News SK Hynix Begins Manufacture of 18GB LPDDR5 Memory Packages

DSzymborski

Titan
Moderator
DDR 2 DDR 3 DDR 4 DDR 5 .. why arent we going TDR or QDR ? been using DDR technology long time already
Triple data rate would be quite awkward. DDR and QDR configure logically around the rising and falling of the clock signal; QDR uses separate data buses for read and write. At last check, QDR was absurdly expensive, making it unsuitable for consumer applications.
 

InvalidError

Titan
Moderator
DDR 2 DDR 3 DDR 4 DDR 5 .. why arent we going TDR or QDR ? been using DDR technology long time already
The only thing QDR does is reduce the amount of power needed to drive the bus clock at the expense of extra circuitry in the GDDR5+ chips to internally generate the extra edges for the QDR IOs.

QDR uses separate data buses for read and write.
No, QDR only means nothing more than the data rate is 4X the clock frequency. Even GDDR6X with its new PAM4 signaling still shares IO pins between reads and writes. What "got split" with GDDR6 is that the chips are internally structured as two independent 16bits-wide banks, so you can configure them as either 1x32bits or 2x16bits.
 

InvalidError

Titan
Moderator
Hmm, what's the source of my confusion then? I'm unsure now.
You equated QDR to having separate DDR R/W ports. Those two things are completely unrelated, GDDR5/5X/6/6X all have single QDR data ports.

The chip you linked is an SRAM that takes commands and operates at QDR internally so it can then split its internal bandwidth between its separate DDR read and write ports. Quite different application from GDDR5+ which has DDR command and single-port QDR data.

Also, the main reason your SRAM chip is "absurdly expensive" isn't QDR, it is simply the fact that it is an SRAM chip and those are inherently far more expensive to make per bit due to much lower density. Also doesn't help that it is a relatively low bandwidth (192MHz max clock) niche product intended to supplement FPGA SRAM, which makes it a (very) low volume part and further drives cost up.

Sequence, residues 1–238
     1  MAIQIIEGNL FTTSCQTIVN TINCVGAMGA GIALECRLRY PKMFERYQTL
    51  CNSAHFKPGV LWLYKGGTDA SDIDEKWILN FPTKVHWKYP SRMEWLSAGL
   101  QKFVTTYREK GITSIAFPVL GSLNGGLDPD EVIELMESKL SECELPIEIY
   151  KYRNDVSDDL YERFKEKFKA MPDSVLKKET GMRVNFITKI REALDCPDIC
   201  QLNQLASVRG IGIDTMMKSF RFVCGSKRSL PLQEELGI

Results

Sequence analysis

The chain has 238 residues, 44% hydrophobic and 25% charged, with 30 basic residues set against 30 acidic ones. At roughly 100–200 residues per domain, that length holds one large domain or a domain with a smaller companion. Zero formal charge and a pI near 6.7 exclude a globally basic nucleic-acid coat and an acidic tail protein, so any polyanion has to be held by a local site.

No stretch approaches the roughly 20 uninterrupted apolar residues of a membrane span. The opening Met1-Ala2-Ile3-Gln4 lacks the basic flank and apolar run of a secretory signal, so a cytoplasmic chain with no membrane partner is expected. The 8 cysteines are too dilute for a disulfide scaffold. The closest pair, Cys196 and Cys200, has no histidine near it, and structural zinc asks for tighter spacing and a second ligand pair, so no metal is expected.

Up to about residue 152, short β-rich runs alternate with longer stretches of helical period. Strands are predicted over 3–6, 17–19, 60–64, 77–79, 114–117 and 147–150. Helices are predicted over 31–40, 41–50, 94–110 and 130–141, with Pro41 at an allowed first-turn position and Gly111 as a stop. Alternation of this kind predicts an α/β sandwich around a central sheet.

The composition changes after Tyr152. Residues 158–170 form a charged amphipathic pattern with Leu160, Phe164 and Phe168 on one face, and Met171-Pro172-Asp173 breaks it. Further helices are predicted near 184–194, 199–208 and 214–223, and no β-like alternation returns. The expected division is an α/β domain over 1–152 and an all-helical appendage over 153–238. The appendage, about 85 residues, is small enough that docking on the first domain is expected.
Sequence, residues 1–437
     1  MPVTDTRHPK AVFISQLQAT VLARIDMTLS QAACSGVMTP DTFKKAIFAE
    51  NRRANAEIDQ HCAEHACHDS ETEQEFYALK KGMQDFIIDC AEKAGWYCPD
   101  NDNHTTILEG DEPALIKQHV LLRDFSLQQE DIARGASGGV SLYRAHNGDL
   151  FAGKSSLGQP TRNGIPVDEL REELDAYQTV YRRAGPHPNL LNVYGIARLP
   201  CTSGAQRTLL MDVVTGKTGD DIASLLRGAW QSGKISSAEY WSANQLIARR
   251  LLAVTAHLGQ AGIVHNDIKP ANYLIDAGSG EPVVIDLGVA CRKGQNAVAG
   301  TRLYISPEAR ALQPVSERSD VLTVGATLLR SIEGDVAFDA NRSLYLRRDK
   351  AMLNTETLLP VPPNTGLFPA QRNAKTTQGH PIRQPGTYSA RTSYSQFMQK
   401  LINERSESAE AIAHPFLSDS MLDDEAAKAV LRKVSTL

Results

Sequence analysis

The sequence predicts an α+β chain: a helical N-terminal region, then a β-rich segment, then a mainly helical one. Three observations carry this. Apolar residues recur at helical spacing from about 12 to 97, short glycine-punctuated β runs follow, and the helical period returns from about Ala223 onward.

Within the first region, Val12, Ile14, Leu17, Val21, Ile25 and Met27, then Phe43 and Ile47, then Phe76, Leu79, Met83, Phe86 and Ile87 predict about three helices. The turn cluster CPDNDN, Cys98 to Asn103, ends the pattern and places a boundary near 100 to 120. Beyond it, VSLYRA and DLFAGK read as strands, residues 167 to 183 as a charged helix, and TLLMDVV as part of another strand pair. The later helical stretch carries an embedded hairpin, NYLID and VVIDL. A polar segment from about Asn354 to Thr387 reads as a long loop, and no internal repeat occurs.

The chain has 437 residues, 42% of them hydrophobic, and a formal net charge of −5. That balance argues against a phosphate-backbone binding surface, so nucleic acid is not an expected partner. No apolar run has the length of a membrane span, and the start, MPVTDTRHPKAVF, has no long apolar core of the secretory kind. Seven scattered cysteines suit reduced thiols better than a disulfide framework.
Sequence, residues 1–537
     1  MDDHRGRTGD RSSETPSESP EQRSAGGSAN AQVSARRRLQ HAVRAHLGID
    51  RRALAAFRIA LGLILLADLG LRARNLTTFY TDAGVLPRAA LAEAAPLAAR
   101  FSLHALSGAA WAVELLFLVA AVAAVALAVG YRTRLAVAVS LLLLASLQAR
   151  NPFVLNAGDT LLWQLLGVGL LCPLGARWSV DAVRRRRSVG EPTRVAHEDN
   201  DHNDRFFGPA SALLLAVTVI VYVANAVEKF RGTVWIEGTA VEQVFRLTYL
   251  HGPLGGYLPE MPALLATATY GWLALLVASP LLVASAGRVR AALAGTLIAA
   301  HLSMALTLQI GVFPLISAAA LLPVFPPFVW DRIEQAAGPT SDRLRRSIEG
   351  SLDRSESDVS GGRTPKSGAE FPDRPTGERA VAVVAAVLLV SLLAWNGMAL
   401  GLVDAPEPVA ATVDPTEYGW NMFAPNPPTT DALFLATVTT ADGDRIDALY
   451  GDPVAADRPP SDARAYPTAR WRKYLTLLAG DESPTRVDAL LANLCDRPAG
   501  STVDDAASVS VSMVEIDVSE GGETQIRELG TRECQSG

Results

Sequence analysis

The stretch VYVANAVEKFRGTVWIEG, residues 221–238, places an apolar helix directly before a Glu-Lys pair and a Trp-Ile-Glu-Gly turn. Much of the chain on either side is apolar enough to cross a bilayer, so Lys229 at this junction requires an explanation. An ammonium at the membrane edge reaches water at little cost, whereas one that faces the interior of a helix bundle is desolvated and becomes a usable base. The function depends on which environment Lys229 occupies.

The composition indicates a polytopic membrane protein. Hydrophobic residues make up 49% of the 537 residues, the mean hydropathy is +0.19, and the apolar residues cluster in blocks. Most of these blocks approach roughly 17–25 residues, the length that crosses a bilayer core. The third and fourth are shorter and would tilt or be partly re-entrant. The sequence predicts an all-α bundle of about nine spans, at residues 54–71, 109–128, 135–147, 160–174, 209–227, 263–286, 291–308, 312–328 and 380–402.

InvalidError

Titan
Moderator
Looks like someone in marketing convinced the higher ups to drink the numbers koolaid.
Not really. This announcement is about DRAM packages and bare chips have pretty much always been marketed based on raw specs. The only difference here is that prior to DDR5, ECC was optional and was implemented by including the extra DRAM package(s) for ECC bits.

Now that ECC is becoming standard and DDR5 DIMMs have split the slot into two independent sub-channels, it makes more sense to build the extra bits directly into the individual DRAM chips than have to add an oddball 4-bits wide DRAM for ECC to each half of a 36+36 bus setup.
 

everettfsargent

Reputable
Oct 13, 2017
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Well that is a welcome change.

Eight bits is the default for non-ECC RAM while nine bits is the default for ECC RAM, the extra bit is used for error correction (afaik you can correct a one bit error on the fly and detect a two bit error but not correct for it during runtime). Computer speeds/threads ever increasing means those cosmic rays (or some such) have a higher probability of flipping a single bit (or more)). Now maybe mainstream prices for RAM (with ECC) vs the prior division between the two types.
 

InvalidError

Titan
Moderator
Computer speeds/threads ever increasing means those cosmic rays (or some such) have a higher probability of flipping a single bit (or more)).
Except CPU speed, core count and all that other stuff has little to do with what ECC helps the most with in the context of DRAM.

DRAM stores data in tiny capacitors and those capacitors are getting smaller with each DRAM generation on top of operating at lower voltages. The smaller they are, the more likely they are to flip from things like cosmic rays, hiccups in the refresh cycle, interference from too many writes in neighbor rows, etc. and those can happen irrespective of CPU activity. That is where the bulk of random errors occur. Up to DDR4, the cells were large enough that the likelihood of single-bit errors was considered a non-issue for non-critical use. Starting with DDR5 though, cell sizes will be getting small enough that the probability of raw bit errors could become problematic even for consumer computing, so JEDEC decided to throw ECC in just in case. If DRAM manufacturers can push their luck with 50% smaller cells at the expense of sacrificing 12.5% of the cell space for ECC, they are still 60+% ahead on user bits per wafer.
 

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